Skip to main content

Building a Bridge Across a Yawning Gap

Building a Bridge Across a Yawning Gap

This week, The Wall Street Journal reported from TEDMED on an issue close to The Michael J. Fox Foundation’s heart: “Bridging the Gap Between Basic Research and Patient Care.”

The Journal highlighted remarks from National Institutes of Health head Francis Collins, who provided colorful illustrations for how to accelerate translational research in drug development, as he called for the need to “build a bridge across this yawning gap” in order to bring novel drugs to the people that need them, faster.

Imagining the gulf between basic science and applications as a body of water, Collins said linking them wouldn’t be like building the Golden Gate Bridge.

Rather, it’s more like a swimmer, a sailboat and a tugboat all attempting to cross the water.  There are sharks and other obstacles in the water, causing the swimmer to die, the sailboat to capsize and the tugboat to run aground.

So how to navigate these treacherous waters?  One way to do it, Collins said, would be for pharmaceutical companies to “open their drug freezers” and repurpose drugs that have been determined to be safe and potentially effective, to target diseases for which the drugs weren’t originally developed.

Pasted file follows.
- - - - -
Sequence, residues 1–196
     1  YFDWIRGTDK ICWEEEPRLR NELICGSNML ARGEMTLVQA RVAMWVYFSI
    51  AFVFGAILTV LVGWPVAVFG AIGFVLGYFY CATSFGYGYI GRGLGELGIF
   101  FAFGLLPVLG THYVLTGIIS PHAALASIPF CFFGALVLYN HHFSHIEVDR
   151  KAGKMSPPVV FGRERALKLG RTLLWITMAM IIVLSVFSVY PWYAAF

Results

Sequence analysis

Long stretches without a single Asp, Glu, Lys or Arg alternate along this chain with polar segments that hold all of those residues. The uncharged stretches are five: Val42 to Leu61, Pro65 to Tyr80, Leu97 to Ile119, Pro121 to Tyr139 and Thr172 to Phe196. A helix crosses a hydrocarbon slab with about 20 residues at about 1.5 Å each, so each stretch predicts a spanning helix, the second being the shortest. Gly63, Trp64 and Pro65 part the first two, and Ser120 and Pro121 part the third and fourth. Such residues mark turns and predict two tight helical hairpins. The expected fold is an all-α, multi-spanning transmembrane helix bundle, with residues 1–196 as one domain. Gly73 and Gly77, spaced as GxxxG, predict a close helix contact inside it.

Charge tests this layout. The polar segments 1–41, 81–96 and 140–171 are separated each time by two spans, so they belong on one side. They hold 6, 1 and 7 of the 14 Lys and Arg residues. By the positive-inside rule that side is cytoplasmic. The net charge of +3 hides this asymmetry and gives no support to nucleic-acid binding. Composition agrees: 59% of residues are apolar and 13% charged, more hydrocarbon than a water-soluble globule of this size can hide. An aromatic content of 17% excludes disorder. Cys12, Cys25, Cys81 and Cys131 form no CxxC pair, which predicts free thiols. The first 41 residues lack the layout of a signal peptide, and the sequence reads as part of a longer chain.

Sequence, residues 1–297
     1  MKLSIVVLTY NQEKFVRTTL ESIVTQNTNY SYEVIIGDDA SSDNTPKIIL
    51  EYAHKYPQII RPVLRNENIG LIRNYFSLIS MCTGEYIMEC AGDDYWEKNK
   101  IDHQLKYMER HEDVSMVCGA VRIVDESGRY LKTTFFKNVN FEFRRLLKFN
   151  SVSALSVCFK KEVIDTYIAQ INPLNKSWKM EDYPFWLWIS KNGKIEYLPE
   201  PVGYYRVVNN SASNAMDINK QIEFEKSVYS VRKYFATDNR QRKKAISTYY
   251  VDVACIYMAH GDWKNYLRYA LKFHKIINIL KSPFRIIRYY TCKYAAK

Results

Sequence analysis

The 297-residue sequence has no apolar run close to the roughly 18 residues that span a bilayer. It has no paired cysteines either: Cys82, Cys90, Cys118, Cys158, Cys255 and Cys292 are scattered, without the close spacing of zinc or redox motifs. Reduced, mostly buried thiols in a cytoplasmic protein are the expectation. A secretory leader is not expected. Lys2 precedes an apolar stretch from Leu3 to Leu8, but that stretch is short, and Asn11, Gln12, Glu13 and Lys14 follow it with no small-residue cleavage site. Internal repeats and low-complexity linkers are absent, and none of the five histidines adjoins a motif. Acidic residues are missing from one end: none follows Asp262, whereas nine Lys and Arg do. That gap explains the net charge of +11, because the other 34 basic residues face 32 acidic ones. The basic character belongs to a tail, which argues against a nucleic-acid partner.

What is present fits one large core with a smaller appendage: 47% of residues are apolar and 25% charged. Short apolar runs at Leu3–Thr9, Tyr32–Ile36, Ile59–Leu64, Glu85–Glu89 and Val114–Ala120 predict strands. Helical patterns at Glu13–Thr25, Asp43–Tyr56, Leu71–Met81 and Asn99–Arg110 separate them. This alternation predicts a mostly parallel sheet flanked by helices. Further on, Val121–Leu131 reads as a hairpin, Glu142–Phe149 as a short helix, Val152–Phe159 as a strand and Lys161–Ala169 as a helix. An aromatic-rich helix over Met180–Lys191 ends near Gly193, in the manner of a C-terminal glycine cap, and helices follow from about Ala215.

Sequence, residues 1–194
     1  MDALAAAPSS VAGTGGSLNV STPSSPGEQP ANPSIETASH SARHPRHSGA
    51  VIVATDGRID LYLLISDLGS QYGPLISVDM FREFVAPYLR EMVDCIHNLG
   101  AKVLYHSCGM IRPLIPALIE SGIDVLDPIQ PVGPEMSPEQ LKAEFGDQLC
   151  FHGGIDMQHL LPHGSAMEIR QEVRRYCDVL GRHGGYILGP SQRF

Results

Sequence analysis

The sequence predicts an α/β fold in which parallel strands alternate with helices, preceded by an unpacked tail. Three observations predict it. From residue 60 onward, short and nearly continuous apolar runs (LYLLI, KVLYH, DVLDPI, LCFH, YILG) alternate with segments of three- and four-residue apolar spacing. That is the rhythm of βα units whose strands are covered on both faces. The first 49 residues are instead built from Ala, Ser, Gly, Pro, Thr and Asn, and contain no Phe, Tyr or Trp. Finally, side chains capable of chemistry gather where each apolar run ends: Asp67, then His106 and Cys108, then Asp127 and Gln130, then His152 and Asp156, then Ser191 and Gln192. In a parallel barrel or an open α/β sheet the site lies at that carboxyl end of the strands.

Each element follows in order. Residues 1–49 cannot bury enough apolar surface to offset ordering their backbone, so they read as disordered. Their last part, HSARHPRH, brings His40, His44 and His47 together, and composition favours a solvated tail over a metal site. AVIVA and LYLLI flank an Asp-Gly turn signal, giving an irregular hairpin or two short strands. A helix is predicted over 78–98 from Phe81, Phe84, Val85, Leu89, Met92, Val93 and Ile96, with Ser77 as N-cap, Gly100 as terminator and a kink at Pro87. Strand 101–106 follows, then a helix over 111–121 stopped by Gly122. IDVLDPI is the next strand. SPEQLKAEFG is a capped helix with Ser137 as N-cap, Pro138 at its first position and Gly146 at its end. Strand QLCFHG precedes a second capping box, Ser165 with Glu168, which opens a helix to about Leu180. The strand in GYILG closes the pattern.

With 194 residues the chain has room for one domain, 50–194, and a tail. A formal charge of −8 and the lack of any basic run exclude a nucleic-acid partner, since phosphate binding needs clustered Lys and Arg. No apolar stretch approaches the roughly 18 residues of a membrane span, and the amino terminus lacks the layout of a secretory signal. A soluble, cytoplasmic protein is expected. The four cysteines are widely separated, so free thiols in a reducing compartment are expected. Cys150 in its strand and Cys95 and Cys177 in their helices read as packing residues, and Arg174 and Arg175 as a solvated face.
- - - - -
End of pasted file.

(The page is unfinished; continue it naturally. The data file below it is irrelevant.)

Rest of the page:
Collins is talking about an idea called repositioning, and new this year, it’s become one of the Foundation’s recurring programs. Since the development of new drugs is expensive, and can take years to bring to market (the average for central nervous system therapies is somewhere between 10-20 years) the hope is that, by identifying therapies that are already clinically available, scientists could potentially lower the time and costs involved in finding drugs that could help people living with PD. Last year, MJFF funded nine awards totaling $3.4 million repositioning existing drugs that could benefit PD patients, at various stages along the pipeline.

Pre-clinical studies to this end included one seeking to determine if the antidepressant duloxetine, also known as Cymbalta, can be used as neuroprotective therapy, and another testing a compound used to treat Attention Deficit Hyperactivity Disorder (ADHD) to determine whether it could enhance dopamine production as a form of symptomatic therapy.

Read this article from BioTech Now to find out more about last year’s MJFF-funded grants in repositioning.

We use cookies to ensure that you get the best experience. By continuing to use this website, you indicate that you have read our Terms of Service and Privacy Policy.